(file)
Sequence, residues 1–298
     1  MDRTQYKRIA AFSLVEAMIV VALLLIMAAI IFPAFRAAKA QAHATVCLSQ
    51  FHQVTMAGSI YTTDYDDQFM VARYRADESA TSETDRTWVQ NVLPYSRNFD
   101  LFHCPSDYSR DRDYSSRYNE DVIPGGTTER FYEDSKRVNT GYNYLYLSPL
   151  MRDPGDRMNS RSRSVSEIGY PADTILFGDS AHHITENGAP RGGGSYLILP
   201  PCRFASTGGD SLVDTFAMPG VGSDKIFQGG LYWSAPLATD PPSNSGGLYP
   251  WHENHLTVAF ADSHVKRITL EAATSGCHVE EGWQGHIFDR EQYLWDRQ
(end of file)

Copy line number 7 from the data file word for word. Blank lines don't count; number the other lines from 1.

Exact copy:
   251  WHENHLTVAF ADSHVKRITL EAATSGCHVE EGWQGHIFDR EQYLWDRQ